A student guide to Wolverhampton

22 Jul 2020
By Rob Slade, Writer at Unite Students

Found just a short trip away from Birmingham, Wolverhampton has long been a place of innovation and talent.

It was a key town for the woollen trade for centuries, before being renowned for coal mining, steel production and motor manufacturing during the industrial revolution.

Today, the city still has engineering at its heart, but it’s got plenty of other things going for it too. It’s steeped in history, has strong music connections (rock band Slade, Led Zeppelin’s Robert Plant and One Direction’s Liam Payne all come from the city) and has seen a lot of regeneration over the years.

But what does it offer students? We’ve put together a guide to the city to tell you everything you need to know.

How to get around Wolverhampton

Getting around Wolverhampton couldn’t be easier. The city centre is so compact that you can walk everywhere within 20 minutes, including the peaceful West Park. If you’re planning to go further afield, to one of the nearby retail parks, you can get there by bus in roughly 15 minutes.

Wolverhampton’s train station then gives you easy access to Birmingham and the rest of the country. 

What to do when you have some spare time

There are dozens of good pubs and restaurants throughout the city centre, including both chains and independents. These include an ever-faithful Nando’s restaurant and student favourites Hogshead and The Royal London.

For something a little different, why not catch a show at Wolverhampton Civic Hall or the Arena Theatre? Whether you want to see one of the country’s top bands or laugh along with a comedian, these are the venues to keep an eye on. 

If you like football, you’ll love having Molineux Stadium right next to the city centre. The venue is home to Premier League football club Wolverhampton Wanderers (or Wolves, for short) and going to a game is a fantastic experience. Even if you don’t buy a ticket, you’ll still feel an electric buzz around the city on match day.

You can easily head into Birmingham too, giving you access to hundreds of shops, bars, restaurants and clubs. The good news is that a train journey only takes around 20 minutes, meaning you can be in the centre of one of the country’s largest cities in no time at all.

Where to go when you need to relax

If you’ve had a stressful week and need somewhere to clear your head, West Park might just be what you’re looking for. A short walk to the north west of the city, the park is home to pristine gardens and a couple of lakes, offering a peaceful spot to slow down.

It’s a great place to come when the sun is shining, with plenty of grassy areas for you to chill out with friends, throw a frisbee around or play some sport.

On a rainy day, Wolverhampton Art Gallery might be a better idea. Located in the city centre, this impressive building is home to a mix of contemporary, pop, Georgian and Victorian art.

Of course, sometimes you just want to switch off and watch a film. Luckily, you can do just that at the Cineworld in Bentley Bridge Leisure Park.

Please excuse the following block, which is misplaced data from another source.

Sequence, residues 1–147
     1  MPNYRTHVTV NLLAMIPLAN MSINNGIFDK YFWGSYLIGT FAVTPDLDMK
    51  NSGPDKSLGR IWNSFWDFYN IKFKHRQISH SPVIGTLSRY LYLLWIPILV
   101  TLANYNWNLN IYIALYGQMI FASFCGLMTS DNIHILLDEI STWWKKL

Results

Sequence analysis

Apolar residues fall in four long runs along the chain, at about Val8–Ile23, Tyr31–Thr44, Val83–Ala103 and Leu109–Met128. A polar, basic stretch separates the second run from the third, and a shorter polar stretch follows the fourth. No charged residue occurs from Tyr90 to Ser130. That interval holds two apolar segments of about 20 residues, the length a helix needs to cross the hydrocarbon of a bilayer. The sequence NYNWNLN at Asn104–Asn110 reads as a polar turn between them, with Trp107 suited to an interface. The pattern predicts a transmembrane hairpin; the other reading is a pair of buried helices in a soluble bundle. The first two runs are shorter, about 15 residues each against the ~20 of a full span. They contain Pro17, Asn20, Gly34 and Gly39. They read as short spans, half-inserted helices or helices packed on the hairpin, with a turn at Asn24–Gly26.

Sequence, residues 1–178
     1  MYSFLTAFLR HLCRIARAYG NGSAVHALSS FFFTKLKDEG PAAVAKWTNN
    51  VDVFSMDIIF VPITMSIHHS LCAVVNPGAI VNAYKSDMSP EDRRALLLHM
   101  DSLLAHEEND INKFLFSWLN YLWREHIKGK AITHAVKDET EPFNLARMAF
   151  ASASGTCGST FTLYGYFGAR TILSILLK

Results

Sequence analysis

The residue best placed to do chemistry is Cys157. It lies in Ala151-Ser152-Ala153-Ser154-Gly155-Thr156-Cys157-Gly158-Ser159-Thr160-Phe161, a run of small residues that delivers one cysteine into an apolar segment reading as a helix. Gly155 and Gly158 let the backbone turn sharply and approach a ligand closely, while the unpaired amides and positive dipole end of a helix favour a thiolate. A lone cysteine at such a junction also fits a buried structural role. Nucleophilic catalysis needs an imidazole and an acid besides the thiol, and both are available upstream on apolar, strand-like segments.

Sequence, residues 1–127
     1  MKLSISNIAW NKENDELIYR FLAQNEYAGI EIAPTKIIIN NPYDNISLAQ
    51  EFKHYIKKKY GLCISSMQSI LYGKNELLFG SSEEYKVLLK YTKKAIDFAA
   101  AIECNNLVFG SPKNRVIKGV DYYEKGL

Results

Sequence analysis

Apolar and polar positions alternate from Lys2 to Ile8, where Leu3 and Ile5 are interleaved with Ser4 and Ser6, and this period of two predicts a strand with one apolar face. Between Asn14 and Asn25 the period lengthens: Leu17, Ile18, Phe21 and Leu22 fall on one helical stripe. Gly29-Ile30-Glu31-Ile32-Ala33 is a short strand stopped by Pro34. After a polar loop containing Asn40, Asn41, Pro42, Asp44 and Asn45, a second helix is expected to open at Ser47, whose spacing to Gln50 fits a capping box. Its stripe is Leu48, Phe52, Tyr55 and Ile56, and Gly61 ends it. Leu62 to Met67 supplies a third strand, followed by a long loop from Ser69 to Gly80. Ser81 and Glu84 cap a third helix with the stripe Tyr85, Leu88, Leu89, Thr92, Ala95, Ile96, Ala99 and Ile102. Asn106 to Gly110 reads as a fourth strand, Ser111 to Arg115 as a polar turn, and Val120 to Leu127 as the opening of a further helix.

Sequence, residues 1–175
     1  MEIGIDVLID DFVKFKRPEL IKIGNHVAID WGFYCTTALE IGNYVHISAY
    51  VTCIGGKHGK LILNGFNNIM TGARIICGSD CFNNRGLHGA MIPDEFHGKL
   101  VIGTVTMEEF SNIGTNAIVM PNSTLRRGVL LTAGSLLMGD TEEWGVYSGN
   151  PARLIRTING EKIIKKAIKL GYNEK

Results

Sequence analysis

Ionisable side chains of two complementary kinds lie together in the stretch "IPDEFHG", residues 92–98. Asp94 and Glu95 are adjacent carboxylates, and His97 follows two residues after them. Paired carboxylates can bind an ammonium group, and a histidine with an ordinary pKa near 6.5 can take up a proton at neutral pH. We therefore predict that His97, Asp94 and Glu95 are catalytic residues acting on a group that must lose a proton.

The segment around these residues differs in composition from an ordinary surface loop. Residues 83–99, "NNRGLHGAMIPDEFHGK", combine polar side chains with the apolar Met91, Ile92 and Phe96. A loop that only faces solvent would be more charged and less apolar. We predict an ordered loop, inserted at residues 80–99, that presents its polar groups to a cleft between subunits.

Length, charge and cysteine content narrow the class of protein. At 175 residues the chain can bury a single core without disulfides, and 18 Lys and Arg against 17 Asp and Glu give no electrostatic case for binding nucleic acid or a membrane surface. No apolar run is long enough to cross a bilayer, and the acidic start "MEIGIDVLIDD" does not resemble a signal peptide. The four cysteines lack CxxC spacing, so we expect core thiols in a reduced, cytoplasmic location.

Where to go shopping in Wolverhampton

Both the Wulfrun Shopping Centre and the Mander Centre are home to dozens or high street shops, with options to suit every budget. You’ll also find plenty of chain and independent shops in the surrounding streets. With everything from Primark to House of Fraser, you should find what you need.

If you’re prepared for a walk (roughly 30 minutes) or a short bus ride, Bentley Bridge Leisure Park is home to the likes of TK Maxx, Hobbycraft and B&M - perfect for grabbing a bargain. You’ll also find an Aldi and Sainsbury’s here.

Need to pick up some supplies and restock the cupboards? A large Asda supermarket and a budget-friendly Home Bargains store can be found next to Molineux Stadium on the edge of the city centre.

Of course, if you still can’t find the shop you’re looking for, Birmingham is only a short train ride away. Don’t forget to buy a 16-25 Railcard to save a third on all train travel.

How to understand the locals

While the accents of people from Birmingham and Wolverhampton (and the Black Country as a whole) are different, the two cities share a lot of the same local language. 

If you’re from the north, south, or another country entirely, you’re probably going to feel a little confused when you hear some of these phrases. To help, we’ve pulled together a list of some of the most commonly used phrases and their meanings.

  • A face as long as Livery Street, meaning a sad face
  • Aggin’, meaning moaning
  • Pop, meaning a fizzy drink
  • Gulley, meaning alleyway
  • An outdoor, meaning an off-licence
  • Tarra a bit, meaning see you later
  • A tip top (or tip ton), meaning an ice pop
  • Wooden hills, meaning stairs
  • Having a benny, meaning to throw a strop
  • To munch, meaning to hug or cuddle
  • A bit black over Bill’s mother’s, meaning it’s going to rain
  • Council pop, meaning tap water
  • Ark at that, meaning listen to that
  • A Jasper, meaning a wasp
  • Yampy, meaning mad or losing the plot
  • Donnies, meaning hands
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So there we have it. Now that you can speak the lingo and you’ve got the lowdown on the city, all that’s left to do is make the most of what the city and the Black Country has to offer.

Looking for somewhere to live in the city? Our student accommodation in Wolverhampton may be just the thing you’re looking for.

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Rob is a writer at Unite Students. at Unite Students